Middleton assumes grave responsibility in the Gulf

Minehunter sailors spent two days toiling under the Gulf sun to ensure graves of British Servicemen are restored for the Remembrance period.

Crew of HMS Middleton made the short trip from their base to St Christopher's Old Cemetery in Manama, the small kingdom's capital, to treat the graves of 23 Britons who died while serving in Bahrain to some TLC.

Despite the mostly-dry climate, the burial ground had become badly overgrown over the past 12 months and the graves weathered.

As well as Service personnel at peace here - mostly from the 60s and early 1970s - there are also graves for many Christians, including a lot of infants, from the same period.             

"I read about the British war graves here in Manama and I thought it would be a great idea to use our time to restore them," said AB(MW) Stephen Richardson, who spurred on his shipmates to join him at the tidy-up.

"We don't often get the chance to do things like this whilst deployed and we are all very proud to help make a difference."

I was impressed by the quiet determination with which the working party from Middleton went about transforming the leaf-covered cemetery into a tidier, environment more fitting for a sacred place,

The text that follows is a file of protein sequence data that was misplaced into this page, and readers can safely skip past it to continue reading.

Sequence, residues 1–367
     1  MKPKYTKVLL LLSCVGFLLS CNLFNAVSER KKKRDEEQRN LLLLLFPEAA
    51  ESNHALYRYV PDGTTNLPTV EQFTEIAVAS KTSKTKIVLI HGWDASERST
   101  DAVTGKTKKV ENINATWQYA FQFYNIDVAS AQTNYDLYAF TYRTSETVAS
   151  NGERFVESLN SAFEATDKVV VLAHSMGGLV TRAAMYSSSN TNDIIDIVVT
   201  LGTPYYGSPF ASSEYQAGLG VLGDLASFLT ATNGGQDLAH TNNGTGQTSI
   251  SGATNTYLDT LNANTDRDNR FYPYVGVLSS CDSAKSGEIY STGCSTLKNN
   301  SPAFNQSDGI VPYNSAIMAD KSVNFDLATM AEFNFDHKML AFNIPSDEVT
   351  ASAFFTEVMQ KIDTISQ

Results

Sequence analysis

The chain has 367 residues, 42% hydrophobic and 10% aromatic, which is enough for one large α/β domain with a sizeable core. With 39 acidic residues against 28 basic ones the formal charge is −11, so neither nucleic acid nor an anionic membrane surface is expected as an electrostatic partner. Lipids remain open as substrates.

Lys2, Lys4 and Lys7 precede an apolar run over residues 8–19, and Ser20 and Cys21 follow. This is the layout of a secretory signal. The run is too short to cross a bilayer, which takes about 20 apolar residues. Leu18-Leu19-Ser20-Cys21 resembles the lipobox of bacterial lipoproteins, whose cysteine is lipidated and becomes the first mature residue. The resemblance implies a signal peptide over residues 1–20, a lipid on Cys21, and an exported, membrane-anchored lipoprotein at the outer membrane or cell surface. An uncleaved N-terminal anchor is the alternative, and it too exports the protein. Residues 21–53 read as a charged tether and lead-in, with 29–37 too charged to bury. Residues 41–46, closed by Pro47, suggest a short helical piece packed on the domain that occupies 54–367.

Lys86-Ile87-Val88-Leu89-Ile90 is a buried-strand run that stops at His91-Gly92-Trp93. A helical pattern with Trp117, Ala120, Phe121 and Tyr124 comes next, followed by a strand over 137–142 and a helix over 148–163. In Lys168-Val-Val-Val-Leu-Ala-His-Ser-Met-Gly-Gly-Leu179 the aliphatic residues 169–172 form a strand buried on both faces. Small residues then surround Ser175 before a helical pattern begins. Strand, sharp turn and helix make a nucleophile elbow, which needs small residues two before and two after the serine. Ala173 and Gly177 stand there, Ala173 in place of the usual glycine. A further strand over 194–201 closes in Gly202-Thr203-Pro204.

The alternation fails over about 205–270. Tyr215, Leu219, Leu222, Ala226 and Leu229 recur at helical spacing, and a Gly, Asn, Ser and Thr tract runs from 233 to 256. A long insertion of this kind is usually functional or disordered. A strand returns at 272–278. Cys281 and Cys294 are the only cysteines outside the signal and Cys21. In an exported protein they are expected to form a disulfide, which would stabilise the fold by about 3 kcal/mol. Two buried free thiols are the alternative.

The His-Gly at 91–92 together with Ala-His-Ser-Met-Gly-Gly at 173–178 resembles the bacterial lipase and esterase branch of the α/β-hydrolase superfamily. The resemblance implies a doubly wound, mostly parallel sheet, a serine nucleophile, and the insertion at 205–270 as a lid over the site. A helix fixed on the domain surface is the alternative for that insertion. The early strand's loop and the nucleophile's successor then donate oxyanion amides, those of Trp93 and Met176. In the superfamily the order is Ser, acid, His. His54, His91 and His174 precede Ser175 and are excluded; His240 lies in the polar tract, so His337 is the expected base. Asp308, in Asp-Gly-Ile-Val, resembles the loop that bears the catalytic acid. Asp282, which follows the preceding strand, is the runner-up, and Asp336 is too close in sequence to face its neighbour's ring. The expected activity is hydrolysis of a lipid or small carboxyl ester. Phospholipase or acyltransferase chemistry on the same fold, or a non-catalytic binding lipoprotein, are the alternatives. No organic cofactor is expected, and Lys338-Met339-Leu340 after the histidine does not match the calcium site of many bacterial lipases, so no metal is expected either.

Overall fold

Rev Evans

When the teams were done, the RN's Bahrain-based chaplain Rev Martin Evans led a short service of remembrance. 

"I was impressed by the quiet determination with which the working party from Middleton went about transforming the leaf-covered cemetery into a tidier, environment more fitting for a sacred place," Rev Evans said.

"It was sobering to be surrounded by the graves of many former servicemen, although perhaps the saddest site of all were the rows of children's graves who must have died in the nearby hospital.

"Although it was hard work, it felt like a real privilege to do our bit in preparation for the autumn ceremonies."

As for HMS Middleton herself, she became the first British warship ever to visit RAK Khor port - some 70 miles up the Musandam peninsula from Dubai, in the northernmost of the seven emirates which make up the UAE.

Despite the proximity of the RN base in Bahrain - just 350 miles away - it's been five years since a British warship called on the emirate.

Sheikh Ahmad bin Saqr al Qasimi, a member of the ruling family and chairman of the economic zone, was the Guest of Honour waiting for the Hunt-class ship on arrival. 

He was treated to a guided tour of the 650-tonne vessel and a demonstration of what the ship and her 45 crew can do, including the Seafox robot submersible used to locate, identify and destroy mines and Middleton's clearance divers who do likewise; it fell to AB(D) Sean Esson to explain the work of his shipmates to the royal visit.

"It was a great opportunity to have such personnel on board and it was pleasing to see his Highness took a real and genuine interest in what we do out here," Sean said.